Seem­ingly no end to jail’s lin­ger­ing prob­lems

The Oklahoman (Sunday) - - OPINION -

WE wrote re­cently about Ray Vaughn’s part­ing re­marks at his fi­nal meet­ing as Dis­trict 3 Ok­la­homa County com­mis­sioner, in­clud­ing his thoughts on the county jail. They’re no­table given an up­date about mold re­moval in the jail.

Vaughn said that al­though for­ma­tion of a Crim­i­nal Jus­tice Ad­vi­sory Coun­cil had led to new poli­cies and driven down the jail’s pop­u­la­tion, “the de­sign and poor con­struc­tion of the fa­cil­ity is now cost­ing tax­pay­ers mil­lions of dol­lars in re­pairs with­out the prom­ise of needed func­tion­al­ity for the va­ri­ety of needs of our in­mate pop­u­la­tion.”

A progress re­port by county en­gi­neer Stacy Trumbo helps drive home that point.

Trumbo told com­mis­sion­ers that al­though work has been un­der­way for a year, mold re­moval is only about half­way com­pleted. He noted that due to the jail’s high pop­u­la­tion, the sher­iff’s of­fice has had a tough time find­ing space to move in­mates out of their cell pods to al­low work­ers to treat rooms for mold. “Ev­ery­body’s frus­trated with that,” Trumbo said.

The high-rise jail has strug­gled for years with leaky plumb­ing and mold. The lat­ter was among the sub­par con­di­tions cited by 12 in­mates in civil rights law­suits filed in Septem­ber. Al­though it later was de­ter­mined the law­suits were part of a jail­house lawyer’s mon­ey­mak­ing scheme, the mold prob­lem is real.

Vaughn’s suc­ces­sor, Com­mis­sioner Kevin Calvey, asked why a bleach so­lu­tion wasn’t an op­tion for clean­ing mold off walls. Trumbo ex­plained that the mold prob­lem has got­ten to the point that bleach is no longer ef­fec­tive, par­tic­u­larly in ar­eas where it has moved into the ceil­ing.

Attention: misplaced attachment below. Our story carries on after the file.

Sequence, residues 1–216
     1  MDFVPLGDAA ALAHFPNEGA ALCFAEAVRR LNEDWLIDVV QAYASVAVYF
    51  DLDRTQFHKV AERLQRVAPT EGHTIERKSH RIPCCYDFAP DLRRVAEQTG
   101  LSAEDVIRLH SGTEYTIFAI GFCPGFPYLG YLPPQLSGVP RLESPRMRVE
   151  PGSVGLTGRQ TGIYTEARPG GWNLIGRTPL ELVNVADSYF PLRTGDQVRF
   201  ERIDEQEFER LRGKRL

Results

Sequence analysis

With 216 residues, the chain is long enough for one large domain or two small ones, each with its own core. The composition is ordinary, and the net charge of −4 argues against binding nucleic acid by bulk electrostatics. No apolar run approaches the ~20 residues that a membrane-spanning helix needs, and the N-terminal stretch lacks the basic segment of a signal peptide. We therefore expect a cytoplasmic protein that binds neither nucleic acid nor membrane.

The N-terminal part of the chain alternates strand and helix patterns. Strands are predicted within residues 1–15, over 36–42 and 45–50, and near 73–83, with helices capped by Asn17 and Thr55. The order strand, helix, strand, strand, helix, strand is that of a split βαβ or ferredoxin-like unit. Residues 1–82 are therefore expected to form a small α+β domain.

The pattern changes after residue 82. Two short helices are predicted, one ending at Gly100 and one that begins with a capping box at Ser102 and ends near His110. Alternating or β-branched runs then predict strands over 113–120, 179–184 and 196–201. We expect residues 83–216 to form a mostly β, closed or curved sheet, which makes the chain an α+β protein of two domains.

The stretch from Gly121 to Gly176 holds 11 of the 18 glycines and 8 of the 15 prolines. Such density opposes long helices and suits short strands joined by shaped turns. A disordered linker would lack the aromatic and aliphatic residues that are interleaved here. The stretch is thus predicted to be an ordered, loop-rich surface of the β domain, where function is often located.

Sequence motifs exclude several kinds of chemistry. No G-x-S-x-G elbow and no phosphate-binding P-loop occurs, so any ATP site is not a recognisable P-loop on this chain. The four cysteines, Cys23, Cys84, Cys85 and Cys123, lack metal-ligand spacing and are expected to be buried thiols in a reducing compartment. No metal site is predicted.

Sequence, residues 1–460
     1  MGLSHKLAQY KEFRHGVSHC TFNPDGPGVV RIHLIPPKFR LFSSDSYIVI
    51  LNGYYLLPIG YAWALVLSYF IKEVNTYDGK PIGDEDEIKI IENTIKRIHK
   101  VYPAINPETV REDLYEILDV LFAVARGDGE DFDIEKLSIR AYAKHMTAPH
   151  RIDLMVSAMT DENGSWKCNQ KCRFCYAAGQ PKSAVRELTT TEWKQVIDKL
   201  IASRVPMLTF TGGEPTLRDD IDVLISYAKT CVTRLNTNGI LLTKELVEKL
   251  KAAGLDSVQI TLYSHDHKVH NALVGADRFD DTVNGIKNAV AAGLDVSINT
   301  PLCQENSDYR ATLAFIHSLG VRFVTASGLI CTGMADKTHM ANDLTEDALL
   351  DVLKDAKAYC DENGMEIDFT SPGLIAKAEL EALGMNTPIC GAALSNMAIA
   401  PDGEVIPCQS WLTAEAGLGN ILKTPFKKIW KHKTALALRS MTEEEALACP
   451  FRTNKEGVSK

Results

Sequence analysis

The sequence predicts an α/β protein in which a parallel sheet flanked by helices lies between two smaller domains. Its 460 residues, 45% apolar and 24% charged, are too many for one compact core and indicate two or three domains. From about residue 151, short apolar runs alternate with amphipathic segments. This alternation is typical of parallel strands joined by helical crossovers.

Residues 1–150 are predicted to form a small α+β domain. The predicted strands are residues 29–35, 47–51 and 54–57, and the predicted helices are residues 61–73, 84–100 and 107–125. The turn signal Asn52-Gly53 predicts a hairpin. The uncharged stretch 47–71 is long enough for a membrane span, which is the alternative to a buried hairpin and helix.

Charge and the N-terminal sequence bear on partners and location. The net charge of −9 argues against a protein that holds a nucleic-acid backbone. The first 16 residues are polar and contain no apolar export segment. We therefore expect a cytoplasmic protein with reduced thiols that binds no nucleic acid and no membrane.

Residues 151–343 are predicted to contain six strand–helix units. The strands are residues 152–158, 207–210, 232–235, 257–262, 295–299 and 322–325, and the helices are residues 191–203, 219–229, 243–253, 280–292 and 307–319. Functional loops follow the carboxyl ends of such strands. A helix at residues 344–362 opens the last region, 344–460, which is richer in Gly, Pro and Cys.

Sher­iff P.D. Tay­lor has al­lowed the use of bleach since tak­ing of­fice in Septem­ber 2017; be­fore that, the jail ad­min­is­tra­tor didn’t al­low it in the build­ing.

In Jan­uary 2018, com­mis­sion­ers ap­proved a $300,000 con­tract with a mold re­me­di­a­tion com­pany. Last week, they ap­proved a change to the con­tract that lets the firm clean mold out of a tem­po­rar­ily empty jail pod — one of four ar­eas Trumbo said have ex­ten­sive mold growth — for an ad­di­tional $15,125.

Calvey no doubt echoed tax­pay­ers’ frus­tra­tion about the costs, say­ing they were “way more money than it ought to be cost­ing be­cause of lack of rou­tine main­te­nance and be­cause of silly poli­cies in the re­cent past about not hav­ing bleach in the jail.”

Yet clean­ing fluid is only one as­pect. The di­rec­tor of jail fa­cil­i­ties told com­mis­sion­ers that solv­ing the mold prob­lem will also re­quire re­plac­ing the ven­ti­la­tion sys­tem. Vents that are sup­posed to move moist air out of show­ers and other ar­eas are bro­ken, al­low­ing that air to linger and spur mold growth. And, he said, find­ing re­place­ment parts for the ven­ti­la­tion sys­tem has been a long­stand­ing prob­lem.

Re­forms that have re­duced the jail’s pop­u­la­tion are en­cour­ag­ing and must con­tinue, be­cause it’s ev­i­dent the build­ing’s prob­lems, which have ex­isted in one form or an­other since it opened in 1991, won’t be reme­died any time soon.

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